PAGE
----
Canyon has kept the anti-squat characteristics as consistent as possible through the travel because it believes you’re more likely to challenge yourself on an e-bike in all gears when climbing.

A yoke mounted metric length shock controls the back end
A yoke mounted metric length shock controls the back end

Adding too much anti-squat also compromises the feel through the pedals, Canyon says, and improves the handling when sprinting out of corners. That said, its figures never go above 100 percent anti-squat because there’s also a motor helping to drive the bike forwards.

In terms of anti-rise, Canyon has kept it low at the beginning of the suspension stroke to maintain suppleness under braking.

For more information on anti squat and anti rise, read Seb’s guide to suspension.

Fox's Grip damper on my test bike handles things fine on an eMTB
Fox's Grip damper on my test bike handles things fine on an eMTB

Canyon Spectral:ON strength testing

Canyon claims that it's put the Spectral:ON through even more rigorous testing than its usual bikes, because e-MTBs are heavier and tend to be ridden further than standard bikes — around 1.5 times as far.

As such, it's worked on horizontal and seat tube fatigue improvements. As you’re sat down more on an e-MTB, more stresses are put through the seat tube, while the additional weight means forces acting on the frame from the leverage of the fork are said to be increased.

Apparently, Canyon’s new e-bike testing standard has 150 percent more test cycles, while also doubling the industry-wide testing standards by 200 percent.

Canyon Spectral:ON fine details

Canyon's new saddle helps you stay in place on steep climbs
Canyon's new saddle helps you stay in place on steep climbs

To complement all the work on the bike, Canyon has added what look like some pretty neat details to the Spectral:ON.

The saddle has an elevated tail, which adds extra butt-support when you’re pedaling up steep climbs that are now possible thanks to the motor and grippy rear tyre.

The two skids should keep the bike sliding over trail obstacles nicely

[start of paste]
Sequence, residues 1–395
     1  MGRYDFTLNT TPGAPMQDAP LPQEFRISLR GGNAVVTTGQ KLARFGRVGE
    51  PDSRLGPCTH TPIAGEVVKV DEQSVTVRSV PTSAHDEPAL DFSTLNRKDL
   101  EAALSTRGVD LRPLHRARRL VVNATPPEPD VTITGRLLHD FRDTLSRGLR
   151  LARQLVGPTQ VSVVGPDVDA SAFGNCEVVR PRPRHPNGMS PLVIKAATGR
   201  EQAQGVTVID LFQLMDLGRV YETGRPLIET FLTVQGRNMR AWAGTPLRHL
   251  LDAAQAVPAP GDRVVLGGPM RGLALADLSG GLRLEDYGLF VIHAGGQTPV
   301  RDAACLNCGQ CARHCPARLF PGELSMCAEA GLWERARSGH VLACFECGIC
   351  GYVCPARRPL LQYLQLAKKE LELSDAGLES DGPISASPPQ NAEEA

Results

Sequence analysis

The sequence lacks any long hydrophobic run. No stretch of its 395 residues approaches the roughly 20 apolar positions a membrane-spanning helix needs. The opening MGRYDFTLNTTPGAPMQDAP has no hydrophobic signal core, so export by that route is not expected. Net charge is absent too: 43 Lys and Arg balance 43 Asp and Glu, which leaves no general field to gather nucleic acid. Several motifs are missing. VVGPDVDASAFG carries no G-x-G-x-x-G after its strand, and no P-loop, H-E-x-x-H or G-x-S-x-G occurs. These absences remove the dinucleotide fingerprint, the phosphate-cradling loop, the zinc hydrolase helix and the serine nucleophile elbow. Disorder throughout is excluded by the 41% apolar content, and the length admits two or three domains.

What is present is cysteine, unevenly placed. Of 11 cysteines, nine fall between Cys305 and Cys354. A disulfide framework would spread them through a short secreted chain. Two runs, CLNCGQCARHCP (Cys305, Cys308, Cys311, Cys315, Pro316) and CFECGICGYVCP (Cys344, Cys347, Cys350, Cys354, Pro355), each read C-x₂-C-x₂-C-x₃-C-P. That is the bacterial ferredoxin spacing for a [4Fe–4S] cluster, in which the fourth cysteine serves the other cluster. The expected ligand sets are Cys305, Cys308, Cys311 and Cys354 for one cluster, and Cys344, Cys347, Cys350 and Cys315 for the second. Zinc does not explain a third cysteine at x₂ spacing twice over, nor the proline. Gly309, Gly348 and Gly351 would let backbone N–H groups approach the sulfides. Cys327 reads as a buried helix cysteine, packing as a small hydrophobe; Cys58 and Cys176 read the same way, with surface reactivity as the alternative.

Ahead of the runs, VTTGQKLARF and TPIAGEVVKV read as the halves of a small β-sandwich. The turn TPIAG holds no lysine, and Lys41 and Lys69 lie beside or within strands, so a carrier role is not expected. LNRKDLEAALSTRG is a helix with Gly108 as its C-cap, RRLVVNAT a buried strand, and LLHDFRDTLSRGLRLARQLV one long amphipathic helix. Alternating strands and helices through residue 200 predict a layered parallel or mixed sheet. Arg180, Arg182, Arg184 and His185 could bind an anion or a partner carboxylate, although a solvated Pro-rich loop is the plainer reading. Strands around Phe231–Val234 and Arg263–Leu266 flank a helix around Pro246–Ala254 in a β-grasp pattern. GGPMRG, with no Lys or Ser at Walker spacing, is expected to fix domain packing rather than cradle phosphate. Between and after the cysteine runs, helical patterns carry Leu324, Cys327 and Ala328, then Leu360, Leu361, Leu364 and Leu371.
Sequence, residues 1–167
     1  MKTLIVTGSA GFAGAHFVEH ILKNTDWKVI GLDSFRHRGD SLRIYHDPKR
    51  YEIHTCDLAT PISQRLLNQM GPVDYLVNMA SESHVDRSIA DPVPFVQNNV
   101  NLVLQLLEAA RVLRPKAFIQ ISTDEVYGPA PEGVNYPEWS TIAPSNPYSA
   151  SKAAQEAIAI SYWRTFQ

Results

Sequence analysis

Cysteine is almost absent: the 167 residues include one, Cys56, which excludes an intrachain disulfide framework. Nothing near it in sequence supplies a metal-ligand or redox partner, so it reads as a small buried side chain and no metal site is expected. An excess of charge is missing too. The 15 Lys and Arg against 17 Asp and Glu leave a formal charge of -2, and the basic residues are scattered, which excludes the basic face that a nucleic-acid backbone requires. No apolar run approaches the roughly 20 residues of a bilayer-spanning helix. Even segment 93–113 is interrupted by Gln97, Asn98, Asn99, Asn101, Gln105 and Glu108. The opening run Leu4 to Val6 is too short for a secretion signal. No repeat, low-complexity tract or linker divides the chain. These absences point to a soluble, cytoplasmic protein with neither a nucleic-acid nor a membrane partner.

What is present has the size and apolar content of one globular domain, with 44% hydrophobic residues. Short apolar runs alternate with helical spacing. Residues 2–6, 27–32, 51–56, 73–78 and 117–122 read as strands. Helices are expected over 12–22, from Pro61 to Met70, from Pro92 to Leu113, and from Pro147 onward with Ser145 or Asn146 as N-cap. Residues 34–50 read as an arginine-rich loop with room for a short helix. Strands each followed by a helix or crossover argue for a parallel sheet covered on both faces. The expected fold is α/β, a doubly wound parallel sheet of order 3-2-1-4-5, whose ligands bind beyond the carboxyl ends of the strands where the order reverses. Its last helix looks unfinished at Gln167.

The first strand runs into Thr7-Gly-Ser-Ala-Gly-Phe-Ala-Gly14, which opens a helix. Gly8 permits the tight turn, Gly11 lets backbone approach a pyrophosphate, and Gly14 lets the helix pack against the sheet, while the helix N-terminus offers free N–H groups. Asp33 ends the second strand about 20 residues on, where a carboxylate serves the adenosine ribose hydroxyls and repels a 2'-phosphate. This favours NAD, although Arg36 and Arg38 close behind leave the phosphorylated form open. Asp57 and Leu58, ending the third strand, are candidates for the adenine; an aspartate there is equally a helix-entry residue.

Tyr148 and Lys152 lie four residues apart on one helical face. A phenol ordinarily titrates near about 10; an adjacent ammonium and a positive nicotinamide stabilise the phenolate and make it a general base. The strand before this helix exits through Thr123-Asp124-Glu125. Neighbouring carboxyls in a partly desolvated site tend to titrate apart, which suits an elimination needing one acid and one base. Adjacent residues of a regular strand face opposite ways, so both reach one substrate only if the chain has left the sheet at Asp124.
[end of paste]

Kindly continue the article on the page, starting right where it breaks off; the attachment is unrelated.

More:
The two skids should keep the bike sliding over trail obstacles nicely

It's also developed a plastic shroud for the motor, which offers a pair of skid plates to help the bike slide over steppy rocks and logs. It extends below a 34t chainring, and also has extra vents to prevent overheating of the motor.

The skid plate protects a 34t ring
The skid plate protects a 34t ring

Canyon Spectral:ON delivery and service

The bikes will be delivered in Canyon’s new bike box, which has been designed so that consumers don’t have to lift the bike out of the box. Instead, the top section lifts off leaving the bike able to be assembled while still in the base — needing just the bar and front wheel attaching.

Canyon has trained its tech staff on how to best look after e-bike customers, and there’s a quick-start guide in each box with links to videos on how to assemble the bikes.

The bikes will be available direct from Canyon from 8 March.

Canyon Spectral:ON specification and pricing

Short-ish stems and wide bars appear across the range
Short-ish stems and wide bars appear across the range

All the bikes will come with a number of common specifications. For example, brakes have 200mm rotors front and rear. All suspension forks have 35mm or 36mm stanchions. The cranks are all 165mm long, bars are wide and stems short, and all the wheels are e-bike friendly Hybrid series wheels from DT Swiss, with 30mm internal width rims at the front and 35mm at the back.

Canyon believes 200mm rotors are a necessity on an e-MTB
Canyon believes 200mm rotors are a necessity on an e-MTB

At launch the bikes will only be available in the UK, Germany, France, Austria and Italy, but availability will grow globally with time.

Canyon will also be offering woman's versions
Canyon will also be offering woman's versions

Spectral:ON 6.0

This is the base model, across both the unisex and female versions. It comes with a RockShox Yari RC with 150mm travel and a Super Deluxe R shock. There’s a Shimano SLX/XT mix drivetrain and Magura MT Trail Sport brakes. The wheels are DT Swiss H1900 with Schwalbe Magic Mary and Nobby Nic tyres — the women’s model gets Nobby Nics front and rear.

Spectral:ON 7.0

This comes with a 150mm RockShox Lyrik RC, an XT drivetrain and Zee brakes, H1700 wheels and Maxxis Minions front and rear.

Spectral:ON WMNs 7.0

This is the top women’s specific model and comes with a Fox 34 fork, though it’s the e-optimized version with a stiffer chassis. It gets the Shimano XT drivetrain and Zee brakes of the unisex 7.0, but Nobby Nic tyres front and rear.

Spectral:ON 8.0

The Spectral:ON jumps up to 160mm forks here with the Fox 36 Performance Elite fork and a Float DPS Performance Elite shock. The wheels are upgraded to DT Swiss H1501 and you get the SRAM EX1 8-speed groupset.

Spectral:ON 9.0

The top-spec bike gets full Fox Factory suspension: a 36 fork and DPS shock. It comes with a Shimano XT Di2 electronic groupset, H1200 wheels and Nobby Nic tyres.

Tom Marvin

Technical Editor, Tech Hub, UK
Tom's been riding for 15 years, and has always chopped and changed bikes as soon as his budget allowed. He's most at home in the big mountains, having spent nigh on 30 weeks riding the Alps, as well as having lived a stone's throw from the Scottish Highlands for four years. Tom also enjoys racing events like the Strathpuffer and the Trans Nepal.
  • Discipline: Mountain
  • Preferred Terrain: Steep and super tech or fast and flowy
  • Current Bikes: Canyon Spectral, Pivot Mach 429SL, Mondraker Vantage R +
  • Dream Bike: Transition Scout
  • Beer of Choice: Gin & tonic
  • Location: Bristol, UK